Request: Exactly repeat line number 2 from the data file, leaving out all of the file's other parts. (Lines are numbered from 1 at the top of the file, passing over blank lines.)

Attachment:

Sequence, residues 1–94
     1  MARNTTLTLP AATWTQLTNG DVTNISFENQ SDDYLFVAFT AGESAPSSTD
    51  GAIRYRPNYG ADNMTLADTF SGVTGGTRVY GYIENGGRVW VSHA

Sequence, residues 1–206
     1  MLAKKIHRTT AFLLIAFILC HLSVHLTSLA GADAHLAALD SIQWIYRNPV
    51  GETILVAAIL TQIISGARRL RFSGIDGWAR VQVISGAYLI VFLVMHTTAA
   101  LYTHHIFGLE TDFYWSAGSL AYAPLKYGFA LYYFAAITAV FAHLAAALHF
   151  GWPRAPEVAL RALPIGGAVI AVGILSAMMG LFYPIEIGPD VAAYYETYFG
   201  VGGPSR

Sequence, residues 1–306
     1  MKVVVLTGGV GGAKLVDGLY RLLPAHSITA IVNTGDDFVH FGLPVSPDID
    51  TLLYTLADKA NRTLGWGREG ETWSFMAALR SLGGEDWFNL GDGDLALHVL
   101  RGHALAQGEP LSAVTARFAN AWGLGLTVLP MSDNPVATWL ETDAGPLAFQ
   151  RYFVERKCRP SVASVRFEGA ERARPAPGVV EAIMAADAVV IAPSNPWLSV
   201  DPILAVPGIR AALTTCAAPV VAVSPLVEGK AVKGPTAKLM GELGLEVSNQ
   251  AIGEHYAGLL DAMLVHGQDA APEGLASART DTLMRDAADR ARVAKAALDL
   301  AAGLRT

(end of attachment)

     1  MARNTTLTLP AATWTQLTNG DVTNISFENQ SDDYLFVAFT AGESAPSSTD